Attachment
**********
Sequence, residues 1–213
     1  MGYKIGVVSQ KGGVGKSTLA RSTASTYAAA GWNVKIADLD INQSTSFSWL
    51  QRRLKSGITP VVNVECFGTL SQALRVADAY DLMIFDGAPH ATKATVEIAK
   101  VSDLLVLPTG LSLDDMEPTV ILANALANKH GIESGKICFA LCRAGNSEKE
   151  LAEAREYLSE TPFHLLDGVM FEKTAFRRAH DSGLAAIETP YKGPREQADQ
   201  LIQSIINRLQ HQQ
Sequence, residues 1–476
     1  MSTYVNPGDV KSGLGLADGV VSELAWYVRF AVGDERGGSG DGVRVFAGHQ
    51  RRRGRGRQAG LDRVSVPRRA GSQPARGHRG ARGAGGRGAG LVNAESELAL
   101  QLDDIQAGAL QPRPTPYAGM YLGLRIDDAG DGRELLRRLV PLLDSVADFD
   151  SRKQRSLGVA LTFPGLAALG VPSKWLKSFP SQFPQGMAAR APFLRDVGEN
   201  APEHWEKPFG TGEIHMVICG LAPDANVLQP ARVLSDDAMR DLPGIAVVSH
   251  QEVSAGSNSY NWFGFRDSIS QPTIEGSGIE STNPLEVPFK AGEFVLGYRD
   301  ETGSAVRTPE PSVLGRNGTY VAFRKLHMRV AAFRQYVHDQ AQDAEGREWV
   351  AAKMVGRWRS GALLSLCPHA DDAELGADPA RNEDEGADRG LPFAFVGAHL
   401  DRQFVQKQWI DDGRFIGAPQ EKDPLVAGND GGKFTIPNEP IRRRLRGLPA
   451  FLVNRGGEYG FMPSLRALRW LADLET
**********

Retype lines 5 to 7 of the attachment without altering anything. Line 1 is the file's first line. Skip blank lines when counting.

   151  LAEAREYLSE TPFHLLDGVM FEKTAFRRAH DSGLAAIETP YKGPREQADQ
   201  LIQSIINRLQ HQQ
Sequence, residues 1–476